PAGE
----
Switching Australia’s ehealth system, known as My Health Record, to an opt out model led to a surge in privacy complaints, the privacy watchdog revealed in its annual report on digital health.
The Office of the Australian Information Commissioner says it has now received over 60 privacy complaints and 35 data breach notifications regarding the My Health Record system, which has been operational since January. It also received 145 inquiries about the controversial ehealth system.
My Health Record switched to an opt out model in January meaning any Australian Medicare holder who did not explicitly opt out of the system had a digital record created for them which could be shared with medical professionals. The system is managed by the government agency, Australian Digital Health Agency (ADHA).
Throughout 2018 privacy advocates and technology experts slammed switching the system, which had initially been designed by Labor in 2012 as an opt in model. Amid scrutiny, the government delayed the opt out deadline several times but ultimately ignored a Senate Inquiry’s recommendation to hold off for at least one more year to strengthen the system’s privacy and security.
The first review of the system by the OAIC, released yesterday, details the rise in privacy complaints regarding My Health Record.
“During 2018–19, the OAIC saw a significant increase in complaints about the My Health Record system (57 complaints were received during this reporting period compared to eight received during 2017–18),” the report says.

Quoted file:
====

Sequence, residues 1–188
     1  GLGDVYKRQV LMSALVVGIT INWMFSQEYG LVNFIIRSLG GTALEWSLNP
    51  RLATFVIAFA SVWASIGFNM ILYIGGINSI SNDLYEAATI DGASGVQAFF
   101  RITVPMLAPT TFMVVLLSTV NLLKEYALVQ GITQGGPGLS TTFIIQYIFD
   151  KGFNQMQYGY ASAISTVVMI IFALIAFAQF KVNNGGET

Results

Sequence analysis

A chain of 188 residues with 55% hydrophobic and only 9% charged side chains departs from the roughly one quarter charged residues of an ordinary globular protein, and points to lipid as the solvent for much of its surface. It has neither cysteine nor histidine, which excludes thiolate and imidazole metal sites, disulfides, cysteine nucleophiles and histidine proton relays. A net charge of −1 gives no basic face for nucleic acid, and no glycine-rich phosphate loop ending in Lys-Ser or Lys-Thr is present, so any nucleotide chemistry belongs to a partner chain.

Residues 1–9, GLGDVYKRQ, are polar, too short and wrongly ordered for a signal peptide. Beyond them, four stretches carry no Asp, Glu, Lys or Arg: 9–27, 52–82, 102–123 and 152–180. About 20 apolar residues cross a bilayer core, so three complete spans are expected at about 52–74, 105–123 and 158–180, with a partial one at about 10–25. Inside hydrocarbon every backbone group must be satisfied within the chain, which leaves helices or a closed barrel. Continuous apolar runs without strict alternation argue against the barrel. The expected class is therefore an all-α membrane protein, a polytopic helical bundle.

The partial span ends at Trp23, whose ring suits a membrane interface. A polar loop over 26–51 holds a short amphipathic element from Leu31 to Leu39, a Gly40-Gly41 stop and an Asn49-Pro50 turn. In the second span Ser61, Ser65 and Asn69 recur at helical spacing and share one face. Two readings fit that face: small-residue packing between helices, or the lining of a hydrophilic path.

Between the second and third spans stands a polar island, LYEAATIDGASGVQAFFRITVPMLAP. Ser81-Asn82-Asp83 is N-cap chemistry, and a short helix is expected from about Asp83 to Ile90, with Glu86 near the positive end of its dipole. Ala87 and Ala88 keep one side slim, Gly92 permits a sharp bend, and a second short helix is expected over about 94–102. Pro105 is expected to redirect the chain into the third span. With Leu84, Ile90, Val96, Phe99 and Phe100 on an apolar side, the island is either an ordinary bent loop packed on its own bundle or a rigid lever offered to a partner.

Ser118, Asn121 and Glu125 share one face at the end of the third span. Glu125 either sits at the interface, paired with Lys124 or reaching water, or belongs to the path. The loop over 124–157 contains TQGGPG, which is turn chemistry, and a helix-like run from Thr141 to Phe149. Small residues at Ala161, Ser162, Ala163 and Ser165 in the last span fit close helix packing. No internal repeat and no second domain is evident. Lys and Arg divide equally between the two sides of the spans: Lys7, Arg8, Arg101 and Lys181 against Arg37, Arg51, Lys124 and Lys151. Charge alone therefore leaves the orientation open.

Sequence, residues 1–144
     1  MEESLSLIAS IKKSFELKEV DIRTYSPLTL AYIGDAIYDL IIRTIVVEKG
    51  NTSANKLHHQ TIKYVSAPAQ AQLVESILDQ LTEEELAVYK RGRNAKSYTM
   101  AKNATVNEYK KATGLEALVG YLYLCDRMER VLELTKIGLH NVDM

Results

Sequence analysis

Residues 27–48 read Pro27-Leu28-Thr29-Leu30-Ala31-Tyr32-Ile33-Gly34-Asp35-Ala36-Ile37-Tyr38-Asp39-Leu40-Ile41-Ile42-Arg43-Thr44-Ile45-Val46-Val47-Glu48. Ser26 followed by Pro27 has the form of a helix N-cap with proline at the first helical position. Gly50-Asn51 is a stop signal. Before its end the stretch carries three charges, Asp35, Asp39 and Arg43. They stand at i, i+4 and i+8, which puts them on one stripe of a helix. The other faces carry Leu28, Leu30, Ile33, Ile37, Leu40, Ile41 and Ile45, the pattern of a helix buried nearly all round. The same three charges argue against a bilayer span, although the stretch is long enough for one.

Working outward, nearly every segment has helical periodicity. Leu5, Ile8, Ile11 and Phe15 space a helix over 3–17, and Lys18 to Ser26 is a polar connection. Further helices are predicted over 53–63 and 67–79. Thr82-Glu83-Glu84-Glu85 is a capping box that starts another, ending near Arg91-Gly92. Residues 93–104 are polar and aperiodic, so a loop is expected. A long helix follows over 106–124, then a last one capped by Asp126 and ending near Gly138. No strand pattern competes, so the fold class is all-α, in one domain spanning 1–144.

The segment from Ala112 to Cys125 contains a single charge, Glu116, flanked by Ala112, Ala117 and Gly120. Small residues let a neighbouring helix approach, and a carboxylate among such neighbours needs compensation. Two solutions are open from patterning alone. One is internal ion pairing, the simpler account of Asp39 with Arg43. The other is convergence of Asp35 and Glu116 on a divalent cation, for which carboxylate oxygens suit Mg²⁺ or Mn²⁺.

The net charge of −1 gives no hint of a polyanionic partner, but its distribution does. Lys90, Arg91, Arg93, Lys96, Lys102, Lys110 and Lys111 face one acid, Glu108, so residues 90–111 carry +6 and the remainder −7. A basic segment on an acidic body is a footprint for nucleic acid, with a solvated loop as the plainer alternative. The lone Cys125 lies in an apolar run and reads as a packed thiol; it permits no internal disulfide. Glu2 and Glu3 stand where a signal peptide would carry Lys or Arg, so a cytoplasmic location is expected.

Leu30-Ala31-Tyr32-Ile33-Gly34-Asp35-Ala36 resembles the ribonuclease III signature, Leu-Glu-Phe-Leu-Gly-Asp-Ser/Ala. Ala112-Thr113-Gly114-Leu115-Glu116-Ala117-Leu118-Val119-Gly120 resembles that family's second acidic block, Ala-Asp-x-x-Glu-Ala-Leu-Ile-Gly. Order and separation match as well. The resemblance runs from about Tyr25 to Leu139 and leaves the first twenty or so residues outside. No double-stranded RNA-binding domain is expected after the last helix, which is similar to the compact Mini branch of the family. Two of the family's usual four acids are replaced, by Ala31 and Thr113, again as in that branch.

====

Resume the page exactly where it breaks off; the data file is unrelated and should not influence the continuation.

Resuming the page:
“This increase appeared to be a result of individuals becoming aware that a My Health Record would be created for them if they did not opt-out by 31 January 2019.
“Some individuals also lodged complaints about not being able to cancel or permanently delete a My Health Record.”
Experts had warned the ADHA’s guarantee of permanently deleted records would be difficult to fulfil.
Of the 35 My Health Record data breach notifications received in the period covered, 31 came from the Department of Human Services and 4 came from the ADHA, the system operator. In total, the breaches affected the My Health Records of 40 people.
The OAIC is currently assessing the ADHA’s handling of personal information, focusing on its compliance with Australian Privacy Principles. The assessment will be finalised in the 2019–20 financial year, nearly two years into My Health Record’s full operation.